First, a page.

Our recent serious defeats show that the military and political workers of the 14th Army have not as yet succeeded in coping with the task that confronts them, namely, converting a shat tered army into one that is disciplined and capable of fighting. Additional forces both of political workers and commanders are now being brought into the 14th Army. It is necessary to utilise these forces in a planned way and, on the basis of the grievous lessons we have been taught, to overcome at any cost the shortcomings and defects of the 14th Army.
1. First and foremost there must be the strictest registration of all commanding personnel and all Communists in the army. This work must be begun at once and completed in a week, that is, not later than August 17.
2. The commissar of a division and its political department must carefully check on the commissars of regiments, leaving in post only those who showed firmness and courage during the defeats. Together with the commissars who survive this checking they must check on the Communist cells, eliminating the chance elements from them and bringing into these cells the firm, reliable workers who have been sent into the army. If there are even so few as four or five firm Communists in each company, serving as Red Army men and participating in the company cell, then, given a good commissar, a regiment can quickly be made quite sound.
The cells must always maintain internal liaison and support the commissar in his fight against scoundrelly, counter revolutionary kulak and self-seeking elements. Cell-members must be model Red Army men both on parade and in battle.
3. In the Ukrainian units there are a large number of corrupt kulak elements including many former soldiers of the Tsarist army, who carry on disruptive agitation, have an attitude of kulak hatred towards communism, oppose our work of agitation and organisation, and incite the Red Army men to engage in pogroms and banditry. The Communists serving in army units must keep a very careful eye on harmful elements of this sort and point them out to the commissar, so that the regiment may be quickly cleansed of them and the most guilty of them subjected to ruthless punishment.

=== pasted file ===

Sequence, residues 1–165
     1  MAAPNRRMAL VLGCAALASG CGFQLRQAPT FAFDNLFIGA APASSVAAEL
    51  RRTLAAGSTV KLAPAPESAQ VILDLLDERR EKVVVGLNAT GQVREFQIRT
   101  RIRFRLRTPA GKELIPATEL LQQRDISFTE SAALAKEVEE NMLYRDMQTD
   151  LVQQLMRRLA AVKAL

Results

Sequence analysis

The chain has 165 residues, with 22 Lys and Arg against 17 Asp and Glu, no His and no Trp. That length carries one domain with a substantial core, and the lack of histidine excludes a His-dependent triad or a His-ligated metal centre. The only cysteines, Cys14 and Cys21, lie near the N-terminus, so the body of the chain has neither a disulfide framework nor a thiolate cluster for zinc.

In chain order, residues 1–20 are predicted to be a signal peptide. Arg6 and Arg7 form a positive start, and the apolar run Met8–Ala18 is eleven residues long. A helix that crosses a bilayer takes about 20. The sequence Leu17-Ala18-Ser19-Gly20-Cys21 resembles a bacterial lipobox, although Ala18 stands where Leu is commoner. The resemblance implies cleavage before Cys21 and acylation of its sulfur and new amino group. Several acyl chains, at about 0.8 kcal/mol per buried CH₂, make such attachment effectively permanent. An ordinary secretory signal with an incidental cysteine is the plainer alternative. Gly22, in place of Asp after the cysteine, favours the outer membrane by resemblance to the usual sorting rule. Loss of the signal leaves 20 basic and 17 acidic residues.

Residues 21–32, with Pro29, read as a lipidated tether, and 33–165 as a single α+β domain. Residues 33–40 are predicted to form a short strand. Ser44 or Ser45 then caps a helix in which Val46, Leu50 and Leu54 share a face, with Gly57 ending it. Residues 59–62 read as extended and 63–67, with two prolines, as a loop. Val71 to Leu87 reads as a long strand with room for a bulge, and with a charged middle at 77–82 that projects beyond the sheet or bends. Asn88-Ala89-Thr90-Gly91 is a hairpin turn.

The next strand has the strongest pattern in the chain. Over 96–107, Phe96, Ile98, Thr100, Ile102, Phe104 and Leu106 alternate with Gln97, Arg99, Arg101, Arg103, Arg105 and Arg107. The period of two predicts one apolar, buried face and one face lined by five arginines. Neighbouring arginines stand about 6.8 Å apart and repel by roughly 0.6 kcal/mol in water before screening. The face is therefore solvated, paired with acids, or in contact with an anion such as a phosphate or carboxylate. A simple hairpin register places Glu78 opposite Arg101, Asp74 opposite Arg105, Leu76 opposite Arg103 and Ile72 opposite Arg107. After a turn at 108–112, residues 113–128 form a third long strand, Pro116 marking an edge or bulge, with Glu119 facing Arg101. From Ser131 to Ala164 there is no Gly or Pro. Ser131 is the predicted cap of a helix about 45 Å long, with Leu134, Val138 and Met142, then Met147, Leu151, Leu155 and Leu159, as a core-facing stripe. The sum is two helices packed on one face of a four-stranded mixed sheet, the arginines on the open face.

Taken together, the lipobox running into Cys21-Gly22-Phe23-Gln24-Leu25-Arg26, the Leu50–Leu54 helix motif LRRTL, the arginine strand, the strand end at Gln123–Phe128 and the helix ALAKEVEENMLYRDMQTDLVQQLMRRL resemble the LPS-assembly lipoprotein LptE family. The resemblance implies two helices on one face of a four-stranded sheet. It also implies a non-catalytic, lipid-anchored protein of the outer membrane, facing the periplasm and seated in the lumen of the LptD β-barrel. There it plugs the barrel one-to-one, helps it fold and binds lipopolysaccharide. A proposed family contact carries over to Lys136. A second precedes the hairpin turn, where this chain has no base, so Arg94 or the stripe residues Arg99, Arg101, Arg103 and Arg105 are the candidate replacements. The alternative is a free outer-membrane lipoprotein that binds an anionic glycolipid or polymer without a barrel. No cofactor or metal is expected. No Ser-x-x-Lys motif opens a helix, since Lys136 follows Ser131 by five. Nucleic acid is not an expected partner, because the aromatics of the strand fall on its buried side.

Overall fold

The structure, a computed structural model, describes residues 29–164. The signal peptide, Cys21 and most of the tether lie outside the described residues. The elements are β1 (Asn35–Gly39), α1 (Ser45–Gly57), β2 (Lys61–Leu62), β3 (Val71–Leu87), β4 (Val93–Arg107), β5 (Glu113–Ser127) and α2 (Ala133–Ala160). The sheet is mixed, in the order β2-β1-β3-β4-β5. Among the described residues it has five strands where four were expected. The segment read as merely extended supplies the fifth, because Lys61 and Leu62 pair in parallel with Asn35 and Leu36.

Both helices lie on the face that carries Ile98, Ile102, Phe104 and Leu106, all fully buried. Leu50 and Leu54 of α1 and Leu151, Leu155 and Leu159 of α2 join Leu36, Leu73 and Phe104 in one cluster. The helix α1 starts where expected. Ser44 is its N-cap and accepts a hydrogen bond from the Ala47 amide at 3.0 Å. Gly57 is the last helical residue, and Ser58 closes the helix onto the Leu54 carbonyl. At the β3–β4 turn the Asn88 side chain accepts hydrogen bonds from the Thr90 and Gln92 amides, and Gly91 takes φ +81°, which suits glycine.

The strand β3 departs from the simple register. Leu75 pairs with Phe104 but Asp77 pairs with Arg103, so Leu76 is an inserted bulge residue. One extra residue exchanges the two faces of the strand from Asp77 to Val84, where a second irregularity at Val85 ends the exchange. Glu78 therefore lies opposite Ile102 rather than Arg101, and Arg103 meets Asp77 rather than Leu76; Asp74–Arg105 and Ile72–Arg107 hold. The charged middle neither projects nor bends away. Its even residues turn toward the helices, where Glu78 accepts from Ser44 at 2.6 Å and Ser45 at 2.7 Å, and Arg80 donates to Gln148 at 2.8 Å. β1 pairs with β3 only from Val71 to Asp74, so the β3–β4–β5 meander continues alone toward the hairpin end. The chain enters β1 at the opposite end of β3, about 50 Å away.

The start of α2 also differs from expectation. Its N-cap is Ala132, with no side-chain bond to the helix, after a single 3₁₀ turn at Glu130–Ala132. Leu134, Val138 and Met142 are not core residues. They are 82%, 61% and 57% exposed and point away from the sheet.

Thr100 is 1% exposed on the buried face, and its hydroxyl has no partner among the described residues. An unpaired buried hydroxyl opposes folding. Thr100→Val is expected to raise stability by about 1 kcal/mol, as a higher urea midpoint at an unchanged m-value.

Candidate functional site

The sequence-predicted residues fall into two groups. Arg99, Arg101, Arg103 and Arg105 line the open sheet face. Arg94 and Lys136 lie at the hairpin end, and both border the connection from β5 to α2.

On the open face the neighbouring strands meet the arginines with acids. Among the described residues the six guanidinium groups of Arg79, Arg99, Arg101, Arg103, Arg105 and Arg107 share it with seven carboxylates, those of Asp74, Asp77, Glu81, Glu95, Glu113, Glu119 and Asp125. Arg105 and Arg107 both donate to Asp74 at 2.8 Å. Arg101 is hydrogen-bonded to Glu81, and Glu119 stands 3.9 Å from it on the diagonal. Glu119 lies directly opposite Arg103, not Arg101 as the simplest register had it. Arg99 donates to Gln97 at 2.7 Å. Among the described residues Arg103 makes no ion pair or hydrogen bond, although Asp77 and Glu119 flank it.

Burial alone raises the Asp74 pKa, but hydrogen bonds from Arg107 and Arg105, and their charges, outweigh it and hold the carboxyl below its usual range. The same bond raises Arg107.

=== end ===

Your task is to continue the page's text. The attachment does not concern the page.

If a few dozen self-seekers and kulaks are ejected from a regiment and replaced by a few dozen Communists, the regiment in question can be re-educated within a week or two.
The Special Sections must help the commissars and political departments in their task of cleansing regiments of scoundrels and traitors.
4. We must immediately undertake the formation of battle-police units – at both army and divisional level. Battle-police units must be formed from the best, most reliable Red soldiers, with a substantial quota of Communists. It is especially important to choose for these units commanders who are absolutely reliable – Communists wherever possible. It will be most expedient to organise battle-police units in accordance with the establishments laid down in Order No.220, forming regular sections and platoons, so that, when necessary, the battle-police units may be brought together in battalions and larger formations.  The task of the battle-police units is to maintain order in the immediate rear, arrest deserters, exterminate bandits and thugs on the scene of their crimes, prevent panicky retreats, and, when the need arises, show to disordered units an example of firmness and courage.
Until the divisions of the 14th Army have their own reliable battle-police units it will continue to be impossible to establish firm order and discipline in them.
5. At the same time a purge needs to be undertaken, a purge of the commanding personnel. In the Ukrainian units there are still too many Petlyurist, guerrilla and ataman elements such as Bogunsky, Lopatkin and soon. Even the best of these guerrilla commanders still do not understand what an order means and consider disobedience to an order quite a natural thing. Those responsible commissars who, directly or indirectly, connive at wilful conduct on the part of guerrilla commanders, their non-fulfilment of military orders, commit the gravest of crimes against the cause of the working class. Not a single offence committed by commanders against discipline must be left unpunished. Only severe treatment, ruthless penalties for treacherous wilfulness, can teach the Ukrainian commanders that they must give strict obedience to military orders.